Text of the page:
663and your system doesn't include the directory relative POSIX functions
664needed to handle that.
665
5dee29d4 666=item Cannot compress %f in pack
0c7df902 667
5dee29d4
JH
668(F) You tried compressing an infinity or not-a-number as an unsigned
669integer with BER, which makes no sense.
0c7df902 670
49704364 671=item Cannot compress integer in pack
0258719b 672
717feafc
JH
673(F) An argument to pack("w",...) was too large to compress.
674The BER compressed integer format can only be used with positive
675integers, and you attempted to compress a very large number (> 1e308).
676See L<perlfunc/pack>.
0258719b 677
49704364 678=item Cannot compress negative numbers in pack
0258719b
NC
679
680(F) An argument to pack("w",...) was negative. The BER compressed integer
681format can only be used with positive integers. See L<perlfunc/pack>.
682
5c1f4d79
NC
683=item Cannot convert a reference to %s to typeglob
684
6903afa2
FC
685(F) You manipulated Perl's symbol table directly, stored a reference
686in it, then tried to access that symbol via conventional Perl syntax.
687The access triggers Perl to autovivify that typeglob, but it there is
688no legal conversion from that type of reference to a typeglob.
5c1f4d79 689
4040665a 690=item Cannot copy to %s
ba2fdce6
NC
691
692(P) Perl detected an attempt to copy a value to an internal type that cannot
4dcecea4 693be directly assigned to.
ba2fdce6 694
b5d97229
RGS
695=item Cannot find encoding "%s"
696
697(S io) You tried to apply an encoding that did not exist to a filehandle,
698either with open() or binmode().
699
714f94d1
FC
700=item Cannot open %s as a dirhandle: it is already open as a filehandle
701
702(F) You tried to use opendir() to associate a dirhandle to a symbol (glob
703or scalar) that already holds a filehandle. Since this idiom might render
704your code confusing, it was deprecated in Perl 5.10. As of Perl 5.28, it
705is a fatal error.
706
707=item Cannot open %s as a filehandle: it is already open as a dirhandle
708
709(F) You tried to use open() to associate a filehandle to a symbol (glob
710or scalar) that already holds a dirhandle. Since this idiom might render
711your code confusing, it was deprecated in Perl 5.10. As of Perl 5.28, it
712is a fatal error.
713
0c7df902
JH
714=item Cannot pack %f with '%c'
715
5dee29d4 716(F) You tried converting an infinity or not-a-number to an integer,
0c7df902
JH
717which makes no sense.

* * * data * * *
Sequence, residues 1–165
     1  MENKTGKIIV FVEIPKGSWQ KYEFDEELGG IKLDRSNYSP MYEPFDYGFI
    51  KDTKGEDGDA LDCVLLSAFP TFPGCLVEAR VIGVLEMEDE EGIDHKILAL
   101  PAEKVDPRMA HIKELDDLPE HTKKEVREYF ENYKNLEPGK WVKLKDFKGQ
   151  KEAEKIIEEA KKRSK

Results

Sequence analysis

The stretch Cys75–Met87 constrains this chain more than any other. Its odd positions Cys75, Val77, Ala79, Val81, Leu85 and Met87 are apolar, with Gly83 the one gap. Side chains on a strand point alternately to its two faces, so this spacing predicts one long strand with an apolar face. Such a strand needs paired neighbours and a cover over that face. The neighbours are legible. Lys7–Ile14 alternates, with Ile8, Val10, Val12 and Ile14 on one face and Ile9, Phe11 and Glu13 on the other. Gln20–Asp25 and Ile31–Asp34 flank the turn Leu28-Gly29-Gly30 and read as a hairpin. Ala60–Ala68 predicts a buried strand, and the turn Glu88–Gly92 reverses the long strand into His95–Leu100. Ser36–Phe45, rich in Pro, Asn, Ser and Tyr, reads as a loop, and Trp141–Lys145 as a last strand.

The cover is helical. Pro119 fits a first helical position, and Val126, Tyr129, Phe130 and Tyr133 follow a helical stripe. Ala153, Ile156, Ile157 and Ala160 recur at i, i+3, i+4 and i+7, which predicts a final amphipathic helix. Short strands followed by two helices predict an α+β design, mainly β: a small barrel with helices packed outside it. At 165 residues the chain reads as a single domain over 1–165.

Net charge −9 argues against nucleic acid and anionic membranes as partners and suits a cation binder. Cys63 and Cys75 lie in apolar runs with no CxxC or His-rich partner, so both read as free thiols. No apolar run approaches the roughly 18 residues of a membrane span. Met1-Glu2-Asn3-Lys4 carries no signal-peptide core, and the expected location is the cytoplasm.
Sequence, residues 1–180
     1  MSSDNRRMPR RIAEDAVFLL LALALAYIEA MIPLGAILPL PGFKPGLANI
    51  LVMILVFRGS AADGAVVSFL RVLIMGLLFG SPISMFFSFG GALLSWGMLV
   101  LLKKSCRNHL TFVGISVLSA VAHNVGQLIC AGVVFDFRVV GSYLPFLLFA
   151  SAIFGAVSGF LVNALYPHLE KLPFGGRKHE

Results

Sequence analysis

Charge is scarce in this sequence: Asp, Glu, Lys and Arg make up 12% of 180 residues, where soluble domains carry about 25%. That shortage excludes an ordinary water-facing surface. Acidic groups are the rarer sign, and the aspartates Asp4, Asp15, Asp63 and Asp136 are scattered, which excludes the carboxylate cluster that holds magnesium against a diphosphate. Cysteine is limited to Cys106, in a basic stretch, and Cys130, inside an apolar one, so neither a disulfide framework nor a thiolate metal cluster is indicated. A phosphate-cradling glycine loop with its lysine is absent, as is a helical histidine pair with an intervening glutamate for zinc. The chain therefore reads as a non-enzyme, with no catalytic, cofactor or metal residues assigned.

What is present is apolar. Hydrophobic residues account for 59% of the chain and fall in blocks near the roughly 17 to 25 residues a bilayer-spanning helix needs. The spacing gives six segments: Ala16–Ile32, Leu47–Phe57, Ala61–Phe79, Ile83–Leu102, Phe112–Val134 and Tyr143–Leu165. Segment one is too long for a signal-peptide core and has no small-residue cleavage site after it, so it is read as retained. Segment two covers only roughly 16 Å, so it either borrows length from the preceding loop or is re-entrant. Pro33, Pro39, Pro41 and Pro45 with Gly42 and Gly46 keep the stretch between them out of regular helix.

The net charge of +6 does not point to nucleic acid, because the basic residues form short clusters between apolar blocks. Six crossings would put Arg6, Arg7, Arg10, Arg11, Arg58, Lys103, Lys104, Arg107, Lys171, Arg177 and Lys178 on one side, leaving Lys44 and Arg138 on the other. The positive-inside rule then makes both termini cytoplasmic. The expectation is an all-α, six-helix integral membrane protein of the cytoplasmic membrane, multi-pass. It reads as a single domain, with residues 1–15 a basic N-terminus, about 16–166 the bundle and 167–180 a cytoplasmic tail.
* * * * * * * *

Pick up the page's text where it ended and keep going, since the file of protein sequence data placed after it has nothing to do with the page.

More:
718
719=item Cannot printf %f with '%c'
720
721(F) You tried printing an infinity or not-a-number as a character (%c),
722which makes no sense. Maybe you meant '%s', or just stringifying it?
723
7355df7e
FC
724=item Cannot set tied @DB::args
725
726(F) C<caller> tried to set C<@DB::args>, but found it tied. Tying C<@DB::args>
727is not supported. (Before this error was added, it used to crash.)
728
ce65bc73
FC
729=item Cannot tie unreifiable array
730
731(P) You somehow managed to call C<tie> on an array that does not
732keep a reference count on its arguments and cannot be made to
733do so. Such arrays are not even supposed to be accessible to
734Perl code, but are only used internally.
735
46e58bd2
AC
736=item Cannot yet reorder sv_catpvfn() arguments from va_list
737
738(F) Some XS code tried to use C<sv_catpvfn()> or a related function with a
739format string that specifies explicit indexes for some of the elements, and
d4e5761f
FC
740using a C-style variable-argument list (a C<va_list>). This is not currently
741supported. XS authors wanting to do this must instead construct a C array
742of C<SV*> scalars containing the arguments.
46e58bd2 743
96ebfdd7
RK
744=item Can only compress unsigned integers in pack
745
746(F) An argument to pack("w",...) was not an integer. The BER compressed
747integer format can only be used with positive integers, and you attempted
748to compress something else. See L<perlfunc/pack>.
749
a0d0e21e
LW
750=item Can't bless non-reference value
751
752(F) Only hard references may be blessed. This is how Perl "enforces"
753encapsulation of objects. See L<perlobj>.
754
7896dde7
Z
755=item Can't "break" in a loop topicalizer
756
757(F) You called C<break>, but you're in a C<foreach> block rather than
758a C<given> block. You probably meant to use C<next> or C<last>.
759
760=item Can't "break" outside a given block
761
762(F) You called C<break>, but you're not inside a C<given> block.
763
6df41af2
GS
764=item Can't call method "%s" on an undefined value
765
766(F) You used the syntax of a method call, but the slot filled by the
be771a83
GS
767object reference or package name contains an undefined value. Something
768like this will reproduce the error:
6df41af2
GS
769
770 $BADREF = undef;
771 process $BADREF 1,2,3;
772 $BADREF->process(1,2,3);
773
a0d0e21e
LW
774=item Can't call method "%s" on unblessed reference
775
54310121 776(F) A method call must know in what package it's supposed to run. It
be771a83
GS
777ordinarily finds this out from the object reference you supply, but you
778didn't supply an object reference in this case. A reference isn't an
779object reference until it has been blessed. See L<perlobj>.
a0d0e21e
LW
780
781=item Can't call method "%s" without a package or object reference
782
783(F) You used the syntax of a method call, but the slot filled by the
be771a83
GS
784object reference or package name contains an expression that returns a
785defined value which is neither an object reference nor a package name.
72b5445b
GS